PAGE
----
Already sleeping, with your Audrey Hepburn updo intact,
pearls clotting at the well of your throat-
I take off my tie but ignore my shoes.
In the morning you tell me we are like
trees who don't lose their leaves.

Yesterday was one of those 'medical suck' days.

WARNING: Personal events diary daylog. Skip now if that bothers you please.

I am dealing with ongoing medical problems, most if not all of which stem from my being overweight. Sleep apnea, GERD, general malaise, joint pain, crappiness. Yeah, like that. Anyway, I was put on some drug a few weeks ago. In the 3.5 weeks since going on that drug, I have gained 22 pounds (compared to gaining 14 pounds over the prior year). I can't prove it's causal, but I haven't changed my eating or activity habits, so, um, yeah. Anyway, this has made the sleep apnea noticeably worse - ironic, since the drug was meant to treat the GERD, a prime cause of the apnea. But in the past couple of weeks, I've been feeling really, really crappy. To the point where my nearly-40-year-old ass has started actually noticing left-side chest pain and shortness of breath.

My primary care doc and the ENT doc dealing with the GERD both told me: In the event you get chest pain or any other thing like that that's worrying, do not pass go, get thee to an ER and let them make sure you're not in trouble, then call us and set up appointments.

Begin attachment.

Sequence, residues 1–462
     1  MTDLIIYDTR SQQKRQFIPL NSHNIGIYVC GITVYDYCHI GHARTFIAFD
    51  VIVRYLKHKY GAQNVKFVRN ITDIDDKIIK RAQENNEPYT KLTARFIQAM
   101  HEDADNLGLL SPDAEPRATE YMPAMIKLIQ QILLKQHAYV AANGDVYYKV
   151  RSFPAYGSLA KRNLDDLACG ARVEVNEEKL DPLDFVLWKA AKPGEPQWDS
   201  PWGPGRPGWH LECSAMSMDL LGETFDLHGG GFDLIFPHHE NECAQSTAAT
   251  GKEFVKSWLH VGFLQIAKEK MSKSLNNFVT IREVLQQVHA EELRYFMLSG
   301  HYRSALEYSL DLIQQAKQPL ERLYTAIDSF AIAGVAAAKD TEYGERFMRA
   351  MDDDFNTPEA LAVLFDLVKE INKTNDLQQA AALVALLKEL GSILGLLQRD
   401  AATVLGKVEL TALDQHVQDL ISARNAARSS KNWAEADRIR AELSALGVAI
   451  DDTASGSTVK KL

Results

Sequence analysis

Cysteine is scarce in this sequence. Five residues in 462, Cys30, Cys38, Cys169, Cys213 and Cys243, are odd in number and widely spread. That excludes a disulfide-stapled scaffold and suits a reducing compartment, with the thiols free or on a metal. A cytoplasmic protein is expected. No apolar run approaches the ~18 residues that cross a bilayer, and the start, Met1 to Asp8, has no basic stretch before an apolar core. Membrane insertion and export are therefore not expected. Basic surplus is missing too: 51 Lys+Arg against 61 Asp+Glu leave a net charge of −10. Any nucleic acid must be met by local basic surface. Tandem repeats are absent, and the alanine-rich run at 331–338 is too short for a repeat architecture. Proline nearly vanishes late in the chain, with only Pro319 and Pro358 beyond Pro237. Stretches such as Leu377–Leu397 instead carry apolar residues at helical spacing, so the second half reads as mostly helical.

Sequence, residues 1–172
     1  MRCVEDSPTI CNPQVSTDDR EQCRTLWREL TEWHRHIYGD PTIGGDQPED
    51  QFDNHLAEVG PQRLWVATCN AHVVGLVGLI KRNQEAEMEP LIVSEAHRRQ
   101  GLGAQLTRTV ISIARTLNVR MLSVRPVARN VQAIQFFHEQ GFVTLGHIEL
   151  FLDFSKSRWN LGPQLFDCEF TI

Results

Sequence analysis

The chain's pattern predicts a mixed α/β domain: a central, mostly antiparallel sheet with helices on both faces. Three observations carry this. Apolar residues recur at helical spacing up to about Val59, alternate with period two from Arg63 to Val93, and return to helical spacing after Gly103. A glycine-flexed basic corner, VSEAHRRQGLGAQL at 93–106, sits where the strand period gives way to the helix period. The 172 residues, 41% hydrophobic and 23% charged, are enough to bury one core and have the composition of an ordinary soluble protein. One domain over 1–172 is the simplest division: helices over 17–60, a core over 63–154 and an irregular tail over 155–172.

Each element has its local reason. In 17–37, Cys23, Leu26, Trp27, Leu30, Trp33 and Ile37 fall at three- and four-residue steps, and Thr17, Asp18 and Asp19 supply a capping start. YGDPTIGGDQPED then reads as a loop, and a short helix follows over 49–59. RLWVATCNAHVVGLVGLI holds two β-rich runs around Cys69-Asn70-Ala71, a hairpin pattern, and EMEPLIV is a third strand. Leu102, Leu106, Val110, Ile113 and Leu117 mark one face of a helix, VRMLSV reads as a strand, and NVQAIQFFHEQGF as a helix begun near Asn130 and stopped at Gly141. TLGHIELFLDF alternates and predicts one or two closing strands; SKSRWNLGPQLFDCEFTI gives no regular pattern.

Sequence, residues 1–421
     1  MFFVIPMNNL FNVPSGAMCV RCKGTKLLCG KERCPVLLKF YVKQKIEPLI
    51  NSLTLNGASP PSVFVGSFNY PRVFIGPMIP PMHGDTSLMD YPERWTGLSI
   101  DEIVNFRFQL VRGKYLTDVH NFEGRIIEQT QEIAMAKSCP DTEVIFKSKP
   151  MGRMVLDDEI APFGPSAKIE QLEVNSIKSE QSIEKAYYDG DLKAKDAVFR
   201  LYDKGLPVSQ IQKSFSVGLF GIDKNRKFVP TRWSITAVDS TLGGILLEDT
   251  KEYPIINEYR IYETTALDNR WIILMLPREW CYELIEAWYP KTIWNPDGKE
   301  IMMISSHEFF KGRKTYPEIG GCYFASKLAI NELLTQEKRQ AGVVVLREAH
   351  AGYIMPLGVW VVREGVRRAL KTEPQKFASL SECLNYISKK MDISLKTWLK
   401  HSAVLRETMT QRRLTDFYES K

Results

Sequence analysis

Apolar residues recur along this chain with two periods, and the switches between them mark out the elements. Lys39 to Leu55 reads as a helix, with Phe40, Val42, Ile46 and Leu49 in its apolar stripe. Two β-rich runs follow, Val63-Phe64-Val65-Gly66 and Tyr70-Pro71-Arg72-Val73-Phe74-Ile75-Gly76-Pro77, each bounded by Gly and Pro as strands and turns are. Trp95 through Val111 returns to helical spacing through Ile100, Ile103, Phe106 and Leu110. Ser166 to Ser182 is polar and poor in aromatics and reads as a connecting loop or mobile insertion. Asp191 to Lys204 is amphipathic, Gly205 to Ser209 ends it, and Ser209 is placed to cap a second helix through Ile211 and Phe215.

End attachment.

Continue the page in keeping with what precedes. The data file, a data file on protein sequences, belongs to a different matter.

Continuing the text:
So last weekend I couldn't sleep much at all. My breathing was so fucked that if I lay back and tried to sleep, I'd last maybe 5-10 minutes (awake) before sitting up and ripping off the CPAP mask with air panics. So I only slept by being awake long enough that I *couldn't* stay awake, even through breathing discomfort, and then I'd fall asleep for maybe 2-3 hours and wake up with my left chest and shoulder feeling like somebody had danced a rhumba on them, in a cold sweat.

Monday morning, I fell asleep at 6am and woke at 8am after having issues the night before, some of which I bitched about in the catbox, with my left chest feeling *really bad*. So I figured 'fuck it' and walked the six blocks to the nearest emergency room at one of the Columbia Presbyterian pavilions here in Manhattan.

I entered the ER at approximately 11:30am (I dithered a while first, yeah). Signed in. Waited 40 minutes. Got called back. Filled out more paperwork. Waiting 30 minutes. Got called into triage, had my blood pressure and blood-ox and pulse and temp taken. BP was 137/74, blood oxygen was 99%. That was reassuring; seemed unlikely I was having imminent heart problems.

They seemed to think so too. Waited another 30 mins, then was sent into the ER to sit in another chair for 2 hours. Then I got an EKG. This is something like 4 hours after arriving. Medtech takes the EKG, directs me back to the chair in the ER. Still haven't seen a doctor (or even a nurse, which would've been fine with me). Wait another hour. Get my BP/pulse/temp taken again. BP is 141/71. Blood Ox still 99%. Temp is 98.9. Get guessed it...back to the chair.

At around 6pm, I gave up and asked the staff what the process was for checking myself off that particular merry-go-round. They said that because I hadn't yet seen a doctor, I could just walk out, no billing or checkout process needed.

So I did. I was feeling better (probably because I'd been sitting in one place quietly and because the pain was mostly from muscles and hypoxia incidents during the night, whereas I'd been breathing OK while awake). Also, I knew that they would probably look at the data from the BP and EKG and say 'you're not having a heart attack. Make an appointment with your doctor. NEXT!'